Meet Oswald Hendryks Cornelius. Aside from being thoroughly debauched, strikingly attractive and astonishingly wealthy, Uncle Oswald is the greatest bounder, bon vivant and fornicator of all time.
My Uncle Oswald is a comic novel for adults. Featuring a character Roald had first written about in the short story The Visitor, it introduces its readers to the unnamed narrator's uncle, telling the story of his early career and erotic education through the guise of the uncle's own diary.
My Uncle Oswald became a full-length novel after Playboy magazine - original publishers of The Visitor - asked Roald if he would be willing to contribute another Oswald story for their 25th anniversary edition. The story soon turned into a book and was published in 1979. Roald later described My Uncle Oswald as "the longest and dirtiest story" he had ever written.
The Reverend Robert Lee, Vicar of Nibbleswicke and a charming and God-fearing man, causes utter confusion among his devout parishioners...
The Vicar of Nibbleswicke tells the tale of Robert Lee, who, having suffered with severe dyslexia as a boy, successfully overcame his problems with the help of The Dyslexia Institute. But soon after arriving in Nibbleswicke as the town's new reverend, he develops a very unusual condition the local doctor calls Back-to-Front Dyslexia.
Written in the last years of his life in aid of The Dyslexia Institute, The Vicar of Nibbleswicke was published in 1991, shortly after Roald's death in November 1990. As his principal illustrator Quentin Blake reveals in a footnote published at the end of the story, Roald auctioned all rights to The Vicar of Nibbleswicke to benefit The Dyslexia Institute. Quentin says: "It's a privilege to be associated, among our many collaborations, with Roald in this book; a landmark of both his concern for people and his passionate belief in the importance of reading."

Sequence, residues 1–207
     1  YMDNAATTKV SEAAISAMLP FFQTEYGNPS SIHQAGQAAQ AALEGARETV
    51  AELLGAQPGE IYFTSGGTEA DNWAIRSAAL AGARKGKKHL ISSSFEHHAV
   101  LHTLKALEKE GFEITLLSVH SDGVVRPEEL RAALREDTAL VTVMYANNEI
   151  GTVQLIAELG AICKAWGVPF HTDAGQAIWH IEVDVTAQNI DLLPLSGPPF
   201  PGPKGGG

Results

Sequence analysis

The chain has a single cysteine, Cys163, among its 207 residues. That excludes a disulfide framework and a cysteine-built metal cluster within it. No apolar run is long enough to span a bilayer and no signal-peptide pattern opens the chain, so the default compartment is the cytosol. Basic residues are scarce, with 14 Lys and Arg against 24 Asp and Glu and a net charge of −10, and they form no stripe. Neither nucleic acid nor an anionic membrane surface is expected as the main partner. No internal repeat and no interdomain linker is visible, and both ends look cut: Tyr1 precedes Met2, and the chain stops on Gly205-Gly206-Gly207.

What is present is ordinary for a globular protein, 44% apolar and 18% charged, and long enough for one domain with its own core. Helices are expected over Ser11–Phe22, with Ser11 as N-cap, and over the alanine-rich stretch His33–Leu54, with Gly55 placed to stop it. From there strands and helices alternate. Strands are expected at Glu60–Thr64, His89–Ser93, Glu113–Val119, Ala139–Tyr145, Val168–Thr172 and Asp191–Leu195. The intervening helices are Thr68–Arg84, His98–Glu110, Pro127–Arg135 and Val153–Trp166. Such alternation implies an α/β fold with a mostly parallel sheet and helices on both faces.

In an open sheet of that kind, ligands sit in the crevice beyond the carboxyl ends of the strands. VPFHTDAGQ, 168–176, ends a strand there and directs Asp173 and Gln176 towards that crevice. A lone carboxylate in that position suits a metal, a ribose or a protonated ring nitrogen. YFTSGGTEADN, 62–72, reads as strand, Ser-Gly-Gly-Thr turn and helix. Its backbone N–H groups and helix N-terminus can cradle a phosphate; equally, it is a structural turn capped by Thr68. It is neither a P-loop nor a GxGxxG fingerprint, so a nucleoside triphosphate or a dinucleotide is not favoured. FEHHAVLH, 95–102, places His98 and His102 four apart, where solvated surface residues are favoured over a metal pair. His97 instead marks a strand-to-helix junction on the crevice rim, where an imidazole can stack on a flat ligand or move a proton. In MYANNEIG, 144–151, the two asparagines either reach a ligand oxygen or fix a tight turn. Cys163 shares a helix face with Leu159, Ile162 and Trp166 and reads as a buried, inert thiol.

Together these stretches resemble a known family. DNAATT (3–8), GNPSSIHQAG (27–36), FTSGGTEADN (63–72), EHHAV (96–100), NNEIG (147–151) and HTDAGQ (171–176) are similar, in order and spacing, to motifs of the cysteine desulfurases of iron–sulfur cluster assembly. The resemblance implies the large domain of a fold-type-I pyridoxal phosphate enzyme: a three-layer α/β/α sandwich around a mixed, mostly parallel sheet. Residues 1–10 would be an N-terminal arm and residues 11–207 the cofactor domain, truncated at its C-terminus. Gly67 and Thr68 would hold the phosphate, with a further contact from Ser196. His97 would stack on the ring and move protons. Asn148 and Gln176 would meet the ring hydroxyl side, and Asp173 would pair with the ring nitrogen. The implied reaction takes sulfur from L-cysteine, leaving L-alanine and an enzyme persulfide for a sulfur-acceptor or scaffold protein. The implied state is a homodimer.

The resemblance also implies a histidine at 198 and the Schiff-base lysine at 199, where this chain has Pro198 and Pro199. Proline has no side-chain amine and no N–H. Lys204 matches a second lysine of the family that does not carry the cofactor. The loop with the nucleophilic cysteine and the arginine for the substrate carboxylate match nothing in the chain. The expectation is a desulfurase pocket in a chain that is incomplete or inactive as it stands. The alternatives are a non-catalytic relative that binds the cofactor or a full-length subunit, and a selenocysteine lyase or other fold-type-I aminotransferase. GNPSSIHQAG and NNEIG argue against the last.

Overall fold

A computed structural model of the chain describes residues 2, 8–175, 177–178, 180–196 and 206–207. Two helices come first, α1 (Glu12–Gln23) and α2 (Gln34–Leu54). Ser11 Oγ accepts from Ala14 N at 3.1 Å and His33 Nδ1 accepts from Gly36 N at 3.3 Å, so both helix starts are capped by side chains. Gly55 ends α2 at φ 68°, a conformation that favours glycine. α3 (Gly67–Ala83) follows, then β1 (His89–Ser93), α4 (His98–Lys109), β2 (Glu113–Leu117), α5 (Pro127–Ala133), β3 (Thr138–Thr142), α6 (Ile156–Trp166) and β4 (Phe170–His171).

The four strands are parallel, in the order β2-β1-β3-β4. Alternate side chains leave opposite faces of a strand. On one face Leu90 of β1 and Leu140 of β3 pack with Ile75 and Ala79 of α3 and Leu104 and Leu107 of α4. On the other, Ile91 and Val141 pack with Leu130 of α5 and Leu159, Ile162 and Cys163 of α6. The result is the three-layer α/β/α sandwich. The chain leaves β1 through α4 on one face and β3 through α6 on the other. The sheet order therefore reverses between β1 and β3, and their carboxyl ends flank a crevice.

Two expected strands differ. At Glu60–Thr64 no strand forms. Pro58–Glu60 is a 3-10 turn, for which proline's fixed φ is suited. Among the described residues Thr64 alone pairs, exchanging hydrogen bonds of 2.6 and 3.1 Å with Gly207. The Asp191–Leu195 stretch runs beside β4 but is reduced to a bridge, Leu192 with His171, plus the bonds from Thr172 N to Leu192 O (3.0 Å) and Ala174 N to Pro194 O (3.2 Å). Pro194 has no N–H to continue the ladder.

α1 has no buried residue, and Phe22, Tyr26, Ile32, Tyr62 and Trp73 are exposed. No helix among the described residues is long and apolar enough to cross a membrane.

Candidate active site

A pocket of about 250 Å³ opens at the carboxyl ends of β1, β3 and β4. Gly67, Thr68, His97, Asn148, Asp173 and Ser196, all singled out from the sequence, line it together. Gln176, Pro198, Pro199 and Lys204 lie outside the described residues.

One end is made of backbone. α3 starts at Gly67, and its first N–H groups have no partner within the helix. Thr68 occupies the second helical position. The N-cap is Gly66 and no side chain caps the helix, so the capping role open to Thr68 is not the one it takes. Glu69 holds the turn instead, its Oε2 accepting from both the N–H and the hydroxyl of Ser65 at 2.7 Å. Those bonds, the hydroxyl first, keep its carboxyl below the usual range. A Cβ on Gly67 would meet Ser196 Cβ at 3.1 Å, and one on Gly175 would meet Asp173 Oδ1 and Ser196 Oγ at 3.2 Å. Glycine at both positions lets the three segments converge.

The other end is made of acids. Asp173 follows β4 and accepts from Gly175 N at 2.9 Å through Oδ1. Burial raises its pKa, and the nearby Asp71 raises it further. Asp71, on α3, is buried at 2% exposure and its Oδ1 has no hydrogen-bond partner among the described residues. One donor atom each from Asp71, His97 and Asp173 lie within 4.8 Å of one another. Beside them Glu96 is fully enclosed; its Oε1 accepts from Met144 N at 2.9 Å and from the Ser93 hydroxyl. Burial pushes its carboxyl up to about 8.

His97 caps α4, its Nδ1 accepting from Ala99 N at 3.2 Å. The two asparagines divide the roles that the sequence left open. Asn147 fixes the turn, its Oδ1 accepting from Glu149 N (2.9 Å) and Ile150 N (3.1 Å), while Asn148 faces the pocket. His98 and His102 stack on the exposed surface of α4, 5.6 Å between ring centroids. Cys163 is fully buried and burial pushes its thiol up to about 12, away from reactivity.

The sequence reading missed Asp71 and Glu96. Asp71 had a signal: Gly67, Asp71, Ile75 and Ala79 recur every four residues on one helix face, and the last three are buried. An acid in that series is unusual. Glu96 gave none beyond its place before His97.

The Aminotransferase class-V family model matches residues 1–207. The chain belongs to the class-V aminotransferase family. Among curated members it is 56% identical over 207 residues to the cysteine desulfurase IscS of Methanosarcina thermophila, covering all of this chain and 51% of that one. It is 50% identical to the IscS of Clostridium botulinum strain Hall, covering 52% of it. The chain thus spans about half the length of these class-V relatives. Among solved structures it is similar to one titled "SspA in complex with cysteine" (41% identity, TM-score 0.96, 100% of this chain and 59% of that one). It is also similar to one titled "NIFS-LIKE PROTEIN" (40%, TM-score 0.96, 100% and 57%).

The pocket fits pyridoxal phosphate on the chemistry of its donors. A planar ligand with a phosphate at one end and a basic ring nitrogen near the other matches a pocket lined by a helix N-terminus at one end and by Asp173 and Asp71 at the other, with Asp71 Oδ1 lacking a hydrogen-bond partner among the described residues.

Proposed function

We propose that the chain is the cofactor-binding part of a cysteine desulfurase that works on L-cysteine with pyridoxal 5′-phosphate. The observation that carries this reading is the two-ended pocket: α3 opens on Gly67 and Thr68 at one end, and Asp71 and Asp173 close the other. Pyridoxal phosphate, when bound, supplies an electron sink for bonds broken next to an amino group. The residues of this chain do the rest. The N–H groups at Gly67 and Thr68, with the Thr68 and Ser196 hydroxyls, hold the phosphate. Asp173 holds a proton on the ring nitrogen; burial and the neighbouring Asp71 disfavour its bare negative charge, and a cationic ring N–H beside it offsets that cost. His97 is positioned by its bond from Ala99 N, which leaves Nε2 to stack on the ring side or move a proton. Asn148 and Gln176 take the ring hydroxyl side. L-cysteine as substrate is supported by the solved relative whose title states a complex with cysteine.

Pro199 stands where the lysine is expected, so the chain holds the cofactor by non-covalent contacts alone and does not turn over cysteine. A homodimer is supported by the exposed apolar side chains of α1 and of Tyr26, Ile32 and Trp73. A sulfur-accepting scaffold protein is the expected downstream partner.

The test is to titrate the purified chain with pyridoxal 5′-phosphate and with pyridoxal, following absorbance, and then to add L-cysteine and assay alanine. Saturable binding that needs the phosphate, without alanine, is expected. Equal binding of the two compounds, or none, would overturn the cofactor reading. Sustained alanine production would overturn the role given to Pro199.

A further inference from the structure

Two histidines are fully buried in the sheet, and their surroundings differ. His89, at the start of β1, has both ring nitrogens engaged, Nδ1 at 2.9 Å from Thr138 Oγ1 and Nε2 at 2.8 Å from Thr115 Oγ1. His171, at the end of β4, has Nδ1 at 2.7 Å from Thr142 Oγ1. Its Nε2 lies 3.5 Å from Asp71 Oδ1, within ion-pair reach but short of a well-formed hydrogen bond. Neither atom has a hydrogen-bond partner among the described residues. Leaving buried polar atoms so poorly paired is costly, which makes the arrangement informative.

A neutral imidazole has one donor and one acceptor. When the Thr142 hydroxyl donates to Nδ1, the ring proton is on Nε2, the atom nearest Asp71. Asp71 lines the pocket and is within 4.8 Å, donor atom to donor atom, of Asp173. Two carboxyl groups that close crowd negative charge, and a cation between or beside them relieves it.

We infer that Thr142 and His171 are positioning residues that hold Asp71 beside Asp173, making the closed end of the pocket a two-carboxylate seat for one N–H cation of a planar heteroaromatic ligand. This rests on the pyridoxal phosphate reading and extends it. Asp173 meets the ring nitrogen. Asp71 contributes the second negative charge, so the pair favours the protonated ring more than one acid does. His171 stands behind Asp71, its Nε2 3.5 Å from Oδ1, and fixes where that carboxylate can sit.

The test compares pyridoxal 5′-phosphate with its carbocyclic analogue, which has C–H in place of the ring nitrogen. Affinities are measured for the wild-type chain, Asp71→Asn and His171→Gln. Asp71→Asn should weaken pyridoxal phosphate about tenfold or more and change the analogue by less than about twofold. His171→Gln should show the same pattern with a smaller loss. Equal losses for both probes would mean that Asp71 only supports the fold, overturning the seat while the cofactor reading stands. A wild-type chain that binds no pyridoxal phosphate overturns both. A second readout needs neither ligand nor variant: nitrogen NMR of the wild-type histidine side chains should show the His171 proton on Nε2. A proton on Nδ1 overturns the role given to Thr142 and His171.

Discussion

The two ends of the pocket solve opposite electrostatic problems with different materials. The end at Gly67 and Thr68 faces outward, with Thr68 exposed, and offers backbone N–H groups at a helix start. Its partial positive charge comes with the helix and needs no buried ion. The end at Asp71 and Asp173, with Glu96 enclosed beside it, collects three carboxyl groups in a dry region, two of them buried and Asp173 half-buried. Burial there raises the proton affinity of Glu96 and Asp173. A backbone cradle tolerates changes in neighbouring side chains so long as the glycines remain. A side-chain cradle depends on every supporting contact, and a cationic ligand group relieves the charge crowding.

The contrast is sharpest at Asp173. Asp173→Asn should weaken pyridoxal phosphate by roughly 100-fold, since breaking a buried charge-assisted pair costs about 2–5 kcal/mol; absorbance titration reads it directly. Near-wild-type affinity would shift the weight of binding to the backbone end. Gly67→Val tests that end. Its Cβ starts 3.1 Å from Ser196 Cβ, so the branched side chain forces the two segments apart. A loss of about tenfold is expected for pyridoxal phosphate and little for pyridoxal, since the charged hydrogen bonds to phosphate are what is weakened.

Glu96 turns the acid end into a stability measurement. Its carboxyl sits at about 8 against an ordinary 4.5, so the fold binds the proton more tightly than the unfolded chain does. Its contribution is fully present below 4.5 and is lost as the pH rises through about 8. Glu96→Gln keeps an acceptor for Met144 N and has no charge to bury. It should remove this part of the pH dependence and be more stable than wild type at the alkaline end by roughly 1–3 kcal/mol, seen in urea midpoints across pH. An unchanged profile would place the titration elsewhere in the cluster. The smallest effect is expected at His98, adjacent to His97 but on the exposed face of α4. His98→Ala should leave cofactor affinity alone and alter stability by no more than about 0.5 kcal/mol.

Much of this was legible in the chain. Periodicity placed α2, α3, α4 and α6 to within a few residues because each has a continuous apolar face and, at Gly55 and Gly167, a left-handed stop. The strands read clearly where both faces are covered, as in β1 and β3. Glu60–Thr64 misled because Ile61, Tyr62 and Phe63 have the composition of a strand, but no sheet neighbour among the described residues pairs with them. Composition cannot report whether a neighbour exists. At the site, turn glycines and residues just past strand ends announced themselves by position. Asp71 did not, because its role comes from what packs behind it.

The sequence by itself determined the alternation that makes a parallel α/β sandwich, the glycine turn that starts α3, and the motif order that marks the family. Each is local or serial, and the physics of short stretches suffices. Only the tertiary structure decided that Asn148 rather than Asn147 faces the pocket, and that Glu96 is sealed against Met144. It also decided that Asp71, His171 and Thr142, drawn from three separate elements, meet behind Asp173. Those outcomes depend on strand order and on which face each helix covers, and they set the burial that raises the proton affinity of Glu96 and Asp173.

Today, these twin concerns continue to inspire the work of the two Roald Dahl charities: Roald Dahl's Marvellous Children's Charity, which helps make life better for seriously ill children, and The Roald Dahl Museum and Story Centre in Roald's home-town of Great Missenden, where reading and literature are celebrated.
Witches absolutely detest children. To a witch, a child smells like dogs' droppings. And now the Grand High Witch is planning to get rid of every child in England - can anybody stop them?
The Witches tells the story of a brave young boy and his Norwegian grandmother as they battle against England's child-hating witches. It continues to feature in lists dedicated to the scariest children's books more than 30 years after it was first published. Especially around Halloween.
When he was a child himself, Roald Dahl used to spend every summer holiday with his family in Norway, where he was inspired by bedtime stories of witches and magic. He wrote about these holidays in Boy: Tales of Childhood. It is also said that the grandmother in The Witches was partially inspired by Roald's own mother. Roald dedicated the book to his wife, Liccy.